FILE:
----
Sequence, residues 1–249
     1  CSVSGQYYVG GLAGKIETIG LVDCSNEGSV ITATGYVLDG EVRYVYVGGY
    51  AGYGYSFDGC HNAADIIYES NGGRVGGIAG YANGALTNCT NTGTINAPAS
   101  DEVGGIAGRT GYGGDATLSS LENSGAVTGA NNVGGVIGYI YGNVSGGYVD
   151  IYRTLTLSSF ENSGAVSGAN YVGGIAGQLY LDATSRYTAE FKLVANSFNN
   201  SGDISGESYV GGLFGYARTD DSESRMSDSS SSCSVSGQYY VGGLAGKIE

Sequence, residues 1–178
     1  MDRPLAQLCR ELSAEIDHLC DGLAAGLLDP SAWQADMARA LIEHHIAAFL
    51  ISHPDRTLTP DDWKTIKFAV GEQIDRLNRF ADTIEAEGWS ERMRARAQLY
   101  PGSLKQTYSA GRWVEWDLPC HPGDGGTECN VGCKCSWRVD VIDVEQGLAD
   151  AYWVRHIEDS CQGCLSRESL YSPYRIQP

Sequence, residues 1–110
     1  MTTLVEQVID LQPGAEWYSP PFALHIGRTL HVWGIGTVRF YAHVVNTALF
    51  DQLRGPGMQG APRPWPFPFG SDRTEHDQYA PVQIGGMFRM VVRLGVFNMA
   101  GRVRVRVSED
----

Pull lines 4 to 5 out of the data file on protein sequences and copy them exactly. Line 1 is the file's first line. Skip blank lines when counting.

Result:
   101  DEVGGIAGRT GYGGDATLSS LENSGAVTGA NNVGGVIGYI YGNVSGGYVD
   151  IYRTLTLSSF ENSGAVSGAN YVGGIAGQLY LDATSRYTAE FKLVANSFNN